Usually a candidate's strength is measured by whether he or she won or lost and maybe by the margin of victory. But that is not an especially good gauge of how good the candidate was. For example, Gov. Phil Murphy (D-NJ) was reelected in 2021, so he is a strong candidate, right? Actually, no. He won 51% to 48% in New Jersey, which has a PVI of D+6, so he greatly underperformed. A generic Democrat would have done better than he did.
So who's actually a good candidate? Split-ticket.org has done some math on this using the concept of "wins above replacement." This compares how well a candidate did compared to the state's PVI and the national political environment for the year of the election. Nathaniel Rakich, at what is left of FiveThirtyEight, used this data to compile a list of the 20 strongest Democratic Senate candidates since 2017. It is somewhat surprising. Many of the strongest candidates lost, but lost by relatively small margins in states where they should by all rights have been decimated. This indicates that the candidates had the right stuff, but the environment was hopeless from the start. Here is the list:
|Year||State||Dem. candidate||Wins above replacement|
|2018||West Virginia||Joe Manchin||+30.7|
|2020||Rhode Island||Jack Reed||+9.6|
|2018||North Dakota||Heidi Heitkamp||+9.2|
|2018||New Mexico||Martin Heinrich||+9.0|
|2020||New Hampshire||Jeanne Shaheen||+8.4|
Sen. Joe Manchin (D-WV) leads the list. He outperformed a generic Democrat in West Virginia by almost 31 points in 2018. Especially interesting is #4, Sen. Jon Tester (D-MT), who outperformed a generic Democrat by almost 11 points in 2018 in Montana, a state with a PVI of R+11. If you can outperform a generic Democrat by 11 points in an R+11 state, you are headed for a near tie. Indeed, in 2018, Tester got 50.33% of the vote compared to the combined Republican's 46.78% and the Libertarian's 2.88% for a total of 49.66% against Tester. That's pretty close to a tie. Tester's ability to outperform generic Democrats shows that he is a strong candidate and that people like him personally.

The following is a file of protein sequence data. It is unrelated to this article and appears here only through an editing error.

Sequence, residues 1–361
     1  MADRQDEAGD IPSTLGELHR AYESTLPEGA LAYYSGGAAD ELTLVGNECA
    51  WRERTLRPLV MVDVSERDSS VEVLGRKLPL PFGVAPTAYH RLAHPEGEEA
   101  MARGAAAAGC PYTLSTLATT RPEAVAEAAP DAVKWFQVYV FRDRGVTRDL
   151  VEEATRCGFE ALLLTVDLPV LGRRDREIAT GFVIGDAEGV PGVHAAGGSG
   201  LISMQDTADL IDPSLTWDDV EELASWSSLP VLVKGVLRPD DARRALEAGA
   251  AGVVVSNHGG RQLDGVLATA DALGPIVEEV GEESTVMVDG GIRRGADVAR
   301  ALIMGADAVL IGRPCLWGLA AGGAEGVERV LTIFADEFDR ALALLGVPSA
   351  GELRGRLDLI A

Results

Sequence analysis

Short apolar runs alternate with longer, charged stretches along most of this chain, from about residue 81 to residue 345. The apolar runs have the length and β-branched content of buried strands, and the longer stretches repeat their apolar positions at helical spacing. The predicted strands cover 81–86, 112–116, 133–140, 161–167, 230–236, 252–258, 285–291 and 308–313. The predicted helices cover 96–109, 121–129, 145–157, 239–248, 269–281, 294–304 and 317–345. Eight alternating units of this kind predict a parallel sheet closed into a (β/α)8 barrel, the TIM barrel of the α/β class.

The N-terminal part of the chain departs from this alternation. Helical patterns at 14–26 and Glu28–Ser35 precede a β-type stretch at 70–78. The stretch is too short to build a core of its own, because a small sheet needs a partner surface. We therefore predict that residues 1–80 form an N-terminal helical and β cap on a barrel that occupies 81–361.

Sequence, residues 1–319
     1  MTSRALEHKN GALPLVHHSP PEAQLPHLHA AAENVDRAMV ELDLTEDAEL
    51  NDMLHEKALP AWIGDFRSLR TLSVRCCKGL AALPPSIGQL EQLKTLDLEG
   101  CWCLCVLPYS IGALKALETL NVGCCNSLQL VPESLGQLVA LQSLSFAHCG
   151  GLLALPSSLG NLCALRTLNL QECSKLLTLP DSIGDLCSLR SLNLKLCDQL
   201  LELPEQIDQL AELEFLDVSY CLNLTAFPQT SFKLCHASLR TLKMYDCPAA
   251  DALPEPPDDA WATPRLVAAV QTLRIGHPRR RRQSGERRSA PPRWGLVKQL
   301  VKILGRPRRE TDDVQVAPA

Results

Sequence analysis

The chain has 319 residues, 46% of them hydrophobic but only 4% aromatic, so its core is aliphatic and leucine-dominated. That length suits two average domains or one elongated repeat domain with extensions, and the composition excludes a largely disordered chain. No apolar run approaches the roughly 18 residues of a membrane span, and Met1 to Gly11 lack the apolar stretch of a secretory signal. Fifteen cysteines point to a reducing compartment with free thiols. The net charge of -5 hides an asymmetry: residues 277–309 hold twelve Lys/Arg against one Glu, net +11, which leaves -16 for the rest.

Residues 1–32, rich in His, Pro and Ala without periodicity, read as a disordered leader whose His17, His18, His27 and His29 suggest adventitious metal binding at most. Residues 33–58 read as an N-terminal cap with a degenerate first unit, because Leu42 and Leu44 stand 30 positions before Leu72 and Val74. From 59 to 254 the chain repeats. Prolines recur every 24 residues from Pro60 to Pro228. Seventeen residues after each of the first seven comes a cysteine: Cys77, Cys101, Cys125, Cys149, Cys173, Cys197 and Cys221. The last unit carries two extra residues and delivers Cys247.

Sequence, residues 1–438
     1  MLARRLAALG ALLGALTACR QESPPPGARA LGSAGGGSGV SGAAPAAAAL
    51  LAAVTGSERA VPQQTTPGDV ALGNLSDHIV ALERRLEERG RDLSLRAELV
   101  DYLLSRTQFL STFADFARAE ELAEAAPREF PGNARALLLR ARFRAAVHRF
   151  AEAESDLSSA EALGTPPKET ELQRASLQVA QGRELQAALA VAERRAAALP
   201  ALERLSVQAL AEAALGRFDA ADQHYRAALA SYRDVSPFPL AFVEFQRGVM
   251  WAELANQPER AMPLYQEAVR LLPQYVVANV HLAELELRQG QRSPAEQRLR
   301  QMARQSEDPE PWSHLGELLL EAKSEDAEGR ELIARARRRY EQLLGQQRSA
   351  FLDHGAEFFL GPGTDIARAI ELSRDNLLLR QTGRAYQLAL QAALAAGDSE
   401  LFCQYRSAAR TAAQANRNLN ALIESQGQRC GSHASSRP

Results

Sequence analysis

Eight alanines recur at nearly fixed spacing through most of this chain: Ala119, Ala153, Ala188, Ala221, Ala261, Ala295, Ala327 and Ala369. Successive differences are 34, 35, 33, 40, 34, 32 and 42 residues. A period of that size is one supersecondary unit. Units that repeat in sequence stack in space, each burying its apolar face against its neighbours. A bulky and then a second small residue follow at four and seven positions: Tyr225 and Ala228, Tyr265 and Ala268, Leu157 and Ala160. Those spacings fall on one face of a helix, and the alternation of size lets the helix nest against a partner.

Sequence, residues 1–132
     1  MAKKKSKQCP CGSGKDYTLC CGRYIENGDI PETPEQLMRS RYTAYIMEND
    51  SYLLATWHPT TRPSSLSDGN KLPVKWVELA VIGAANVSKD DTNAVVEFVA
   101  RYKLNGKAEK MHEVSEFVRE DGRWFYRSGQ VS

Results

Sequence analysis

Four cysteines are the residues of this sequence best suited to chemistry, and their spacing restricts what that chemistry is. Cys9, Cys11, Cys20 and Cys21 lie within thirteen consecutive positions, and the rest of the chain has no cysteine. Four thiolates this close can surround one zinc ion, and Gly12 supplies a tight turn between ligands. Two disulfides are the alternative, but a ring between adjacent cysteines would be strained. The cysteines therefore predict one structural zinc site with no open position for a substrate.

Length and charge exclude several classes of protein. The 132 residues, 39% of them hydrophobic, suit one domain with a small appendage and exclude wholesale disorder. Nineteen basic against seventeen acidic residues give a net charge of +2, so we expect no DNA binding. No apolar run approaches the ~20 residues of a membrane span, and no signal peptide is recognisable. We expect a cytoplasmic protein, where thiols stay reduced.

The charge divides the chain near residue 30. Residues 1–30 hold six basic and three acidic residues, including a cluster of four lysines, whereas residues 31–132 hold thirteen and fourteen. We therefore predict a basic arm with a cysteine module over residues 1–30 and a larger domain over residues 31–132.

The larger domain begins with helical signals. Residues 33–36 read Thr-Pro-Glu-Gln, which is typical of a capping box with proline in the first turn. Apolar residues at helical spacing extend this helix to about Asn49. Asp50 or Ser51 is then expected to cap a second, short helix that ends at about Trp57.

The Republican-controlled Montana state legislature was afraid Tester could pull this off again, so it—naturally—made plans to change the law to make it harder for Tester. The plan was to have a nonpartisan primary, with the top two candidates advancing to the general election. The patently obvious reason for this, since it would only have applied to the 2024 Senate race and no others, was to get the Libertarian Party candidate off the November ballot. They had hoped the Libertarians would vote for the Republican candidate. However, that was a gamble. Libertarians don't like government in general and they certainly don't like this kind of government machinations in particular. They also tend to be pro-choice, on the grounds of "it's none of the government's damn business what you do with your own body."
Ultimately, the legislature backed down on their plan, since there was much blowback, as well as lawsuit threats. However, there is a very real possibility that the whole thing left a bad taste in the mouth of Libertarian Party voters, and that some of them will express that at the ballot box. So, the Montana GOP might bear the costs of their scheming without getting the benefits. (V)